So the first briefs, which have now been filed by both sides with the Indiana Supreme Court, include dozens of citations to previous rulings on the question of what counts as permissible special legislation.
At a Tuesday afternoon hearing lasting around an hour, the two sides in an ongoing annexation lawsuit between the City of Bloomington and Gov. Eric Holcomb presented oral arguments.
Judge Frank Nardi did not issue a ruling from the bench. The March 26 hearing was held at the Charlotte Zietlow Justice Center in downtown Bloomington.
The City of Bloomington filed the lawsuit in 2017 over the state legislature’s decision to build into its budget bill a change to state annexation law. It was a change that effectively singled out Bloomington and paused any annexation plans by the city for five years.
Bloomington contends that because the new annexation law was incorporated into the 2017 biennial budget bill, it violates the State Constitution’s requirement that legislation be confined to a single subject.
Bloomington’s lawsuit also states that the new annexation law violates the State Constitution’s clause prohibiting “special” legislation. The constitutional claim involving special legislation hinges not merely on the fact that the new annexation law applies only to Bloomington. The claim arises from the city’s contention that the attempted justification for the law’s unique application is not adequate.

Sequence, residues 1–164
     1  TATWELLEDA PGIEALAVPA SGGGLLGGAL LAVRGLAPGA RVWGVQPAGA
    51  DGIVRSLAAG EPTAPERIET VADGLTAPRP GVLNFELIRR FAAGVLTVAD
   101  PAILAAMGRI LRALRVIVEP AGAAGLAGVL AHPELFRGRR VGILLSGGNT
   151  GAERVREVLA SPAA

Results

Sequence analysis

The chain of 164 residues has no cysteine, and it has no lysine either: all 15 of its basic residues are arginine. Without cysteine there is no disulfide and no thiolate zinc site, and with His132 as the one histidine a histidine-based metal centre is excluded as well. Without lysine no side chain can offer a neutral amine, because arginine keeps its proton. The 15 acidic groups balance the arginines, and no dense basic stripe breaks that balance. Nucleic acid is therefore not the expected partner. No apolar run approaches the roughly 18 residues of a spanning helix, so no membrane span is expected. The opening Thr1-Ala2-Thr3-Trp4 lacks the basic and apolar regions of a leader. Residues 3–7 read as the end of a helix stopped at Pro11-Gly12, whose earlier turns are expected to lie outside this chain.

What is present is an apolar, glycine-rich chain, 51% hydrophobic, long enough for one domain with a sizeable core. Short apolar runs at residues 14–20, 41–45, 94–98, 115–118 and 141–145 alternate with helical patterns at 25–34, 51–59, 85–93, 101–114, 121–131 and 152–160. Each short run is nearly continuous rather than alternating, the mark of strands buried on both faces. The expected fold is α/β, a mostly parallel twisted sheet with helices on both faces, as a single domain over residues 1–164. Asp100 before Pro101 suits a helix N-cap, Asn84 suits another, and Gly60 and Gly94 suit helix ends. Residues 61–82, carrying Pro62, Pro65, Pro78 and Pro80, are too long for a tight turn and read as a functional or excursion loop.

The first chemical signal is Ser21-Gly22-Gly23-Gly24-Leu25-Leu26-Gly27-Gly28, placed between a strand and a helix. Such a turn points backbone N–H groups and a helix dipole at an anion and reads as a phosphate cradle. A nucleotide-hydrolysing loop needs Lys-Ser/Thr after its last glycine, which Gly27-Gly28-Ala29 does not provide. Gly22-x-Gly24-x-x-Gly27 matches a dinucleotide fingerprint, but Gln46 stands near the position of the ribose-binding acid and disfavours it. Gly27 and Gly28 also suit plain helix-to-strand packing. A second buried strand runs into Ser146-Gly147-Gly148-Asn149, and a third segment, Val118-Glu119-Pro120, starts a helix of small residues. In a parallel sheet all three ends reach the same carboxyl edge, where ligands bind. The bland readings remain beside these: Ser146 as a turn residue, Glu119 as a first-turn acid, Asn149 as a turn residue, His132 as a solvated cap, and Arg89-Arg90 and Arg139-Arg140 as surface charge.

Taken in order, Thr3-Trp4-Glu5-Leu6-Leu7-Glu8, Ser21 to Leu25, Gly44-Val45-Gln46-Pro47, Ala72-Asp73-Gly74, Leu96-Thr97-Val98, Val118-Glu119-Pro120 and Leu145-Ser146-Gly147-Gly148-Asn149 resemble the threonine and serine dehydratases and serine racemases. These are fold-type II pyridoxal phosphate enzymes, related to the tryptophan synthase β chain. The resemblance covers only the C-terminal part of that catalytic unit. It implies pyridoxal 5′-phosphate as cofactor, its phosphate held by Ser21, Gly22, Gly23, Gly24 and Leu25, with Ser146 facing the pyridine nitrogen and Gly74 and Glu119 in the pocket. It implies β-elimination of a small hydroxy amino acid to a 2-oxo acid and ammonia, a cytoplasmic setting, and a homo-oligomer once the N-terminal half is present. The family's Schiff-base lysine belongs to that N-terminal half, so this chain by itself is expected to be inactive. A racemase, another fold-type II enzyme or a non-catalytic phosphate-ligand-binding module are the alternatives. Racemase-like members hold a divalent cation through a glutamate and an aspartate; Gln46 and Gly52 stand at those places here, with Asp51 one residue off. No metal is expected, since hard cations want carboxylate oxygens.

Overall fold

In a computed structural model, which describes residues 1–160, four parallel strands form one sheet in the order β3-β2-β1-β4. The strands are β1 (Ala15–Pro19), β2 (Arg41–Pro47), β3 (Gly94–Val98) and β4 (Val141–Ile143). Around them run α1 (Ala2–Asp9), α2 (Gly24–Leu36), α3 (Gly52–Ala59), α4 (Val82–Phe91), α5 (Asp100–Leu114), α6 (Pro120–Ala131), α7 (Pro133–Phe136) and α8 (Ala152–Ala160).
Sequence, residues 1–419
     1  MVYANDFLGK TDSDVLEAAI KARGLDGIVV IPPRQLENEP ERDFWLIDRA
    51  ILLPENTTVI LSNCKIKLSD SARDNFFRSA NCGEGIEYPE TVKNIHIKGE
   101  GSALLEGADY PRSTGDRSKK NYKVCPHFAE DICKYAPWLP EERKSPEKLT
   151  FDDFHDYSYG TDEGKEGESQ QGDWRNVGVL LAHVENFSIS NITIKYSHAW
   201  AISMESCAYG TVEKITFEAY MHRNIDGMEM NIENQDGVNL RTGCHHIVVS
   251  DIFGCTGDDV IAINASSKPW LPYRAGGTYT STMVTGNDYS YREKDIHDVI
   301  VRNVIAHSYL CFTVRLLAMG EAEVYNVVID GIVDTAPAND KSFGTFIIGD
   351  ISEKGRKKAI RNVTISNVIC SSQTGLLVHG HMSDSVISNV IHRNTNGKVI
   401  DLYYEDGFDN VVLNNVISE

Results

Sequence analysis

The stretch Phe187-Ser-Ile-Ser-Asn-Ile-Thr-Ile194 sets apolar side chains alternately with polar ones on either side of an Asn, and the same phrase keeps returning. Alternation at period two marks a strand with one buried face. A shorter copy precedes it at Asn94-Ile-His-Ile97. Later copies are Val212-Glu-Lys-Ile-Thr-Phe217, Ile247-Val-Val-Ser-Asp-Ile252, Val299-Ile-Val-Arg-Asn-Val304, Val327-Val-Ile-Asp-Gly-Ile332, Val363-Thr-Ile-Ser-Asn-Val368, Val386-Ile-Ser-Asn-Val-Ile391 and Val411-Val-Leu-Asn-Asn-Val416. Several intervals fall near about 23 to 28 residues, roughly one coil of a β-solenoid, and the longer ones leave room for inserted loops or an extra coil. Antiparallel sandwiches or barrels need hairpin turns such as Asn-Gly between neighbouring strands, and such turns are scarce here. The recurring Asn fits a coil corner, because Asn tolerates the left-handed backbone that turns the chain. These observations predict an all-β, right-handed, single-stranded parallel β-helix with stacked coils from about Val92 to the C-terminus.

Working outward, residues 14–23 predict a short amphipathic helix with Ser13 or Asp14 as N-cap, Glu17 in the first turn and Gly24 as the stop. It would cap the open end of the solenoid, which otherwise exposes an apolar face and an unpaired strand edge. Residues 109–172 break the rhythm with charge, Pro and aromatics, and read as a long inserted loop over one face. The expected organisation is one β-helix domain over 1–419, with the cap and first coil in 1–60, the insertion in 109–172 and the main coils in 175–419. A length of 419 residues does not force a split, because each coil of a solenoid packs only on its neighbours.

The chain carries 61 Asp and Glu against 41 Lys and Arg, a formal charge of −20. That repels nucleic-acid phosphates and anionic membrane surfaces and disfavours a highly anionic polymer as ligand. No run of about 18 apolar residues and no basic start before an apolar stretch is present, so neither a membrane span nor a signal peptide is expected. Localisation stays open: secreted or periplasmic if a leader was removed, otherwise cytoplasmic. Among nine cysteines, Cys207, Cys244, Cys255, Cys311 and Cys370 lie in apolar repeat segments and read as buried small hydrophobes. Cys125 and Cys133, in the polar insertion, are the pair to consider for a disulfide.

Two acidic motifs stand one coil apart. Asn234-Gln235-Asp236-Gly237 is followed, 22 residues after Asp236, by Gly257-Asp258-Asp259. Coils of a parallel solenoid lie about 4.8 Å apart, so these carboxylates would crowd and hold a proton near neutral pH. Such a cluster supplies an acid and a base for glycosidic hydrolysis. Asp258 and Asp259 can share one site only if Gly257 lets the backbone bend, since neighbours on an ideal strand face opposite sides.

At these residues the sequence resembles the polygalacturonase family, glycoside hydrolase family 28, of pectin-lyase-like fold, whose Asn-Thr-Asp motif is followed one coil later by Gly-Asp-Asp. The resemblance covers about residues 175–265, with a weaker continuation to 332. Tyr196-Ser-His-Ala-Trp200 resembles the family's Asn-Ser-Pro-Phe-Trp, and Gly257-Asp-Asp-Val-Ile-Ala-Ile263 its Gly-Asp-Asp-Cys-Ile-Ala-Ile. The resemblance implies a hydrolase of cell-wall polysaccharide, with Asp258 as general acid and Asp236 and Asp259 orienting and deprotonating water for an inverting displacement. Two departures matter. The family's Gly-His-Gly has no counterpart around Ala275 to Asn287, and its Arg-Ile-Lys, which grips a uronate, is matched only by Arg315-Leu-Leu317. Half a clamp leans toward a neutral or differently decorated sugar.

To some extent, the two sides spent their time on Tuesday rehashing arguments they’d already submitted to the court.
In mid-January, Judge Frank Nardi requested an extra courtroom at the Monroe County Circuit Court for a half-day hearing on the afternoon of March 26, for a case filed by the City of Bloomington against the governor of Indiana.
Even though Judge Nardi is not expected to issue a decision from the bench on Tuesday, the hearing is likely to lead eventually to the first ruling on the substance of the case. It was was filed almost two years ago and deals with Bloomington’s annexation efforts.
The lawsuit stems from a 2017 action by the state’s General Assembly to build into its budget bill a change to state annexation law that effectively singled out Bloomington and paused any annexation plans by the city for five years. The court documents in the case are accessible to the public through MyCase. (Search by case for 53C06-1705-PL-001138. Or download most of the court records in a single compressed file here: City of Bloomington vs. Holcomb.)
Bloomington filed a lawsuit, contending that the General Assembly violated two different parts of the state’s constitution: One limiting bills to single subjects and another prohibiting special legislation.
In 2017, Bloomington began the process of annexing area into the city that would have increased the land area of the city by about 60 percent.
Later that year, the state’s General Assembly built into the budget bill a change to annexation law that effectively singled out Bloomington and paused any annexation plans for five years.
Bloomington filed a lawsuit, contending that the General Assembly violated two different parts of the state’s constitution: One limiting bills to single topics and another prohibiting special legislation.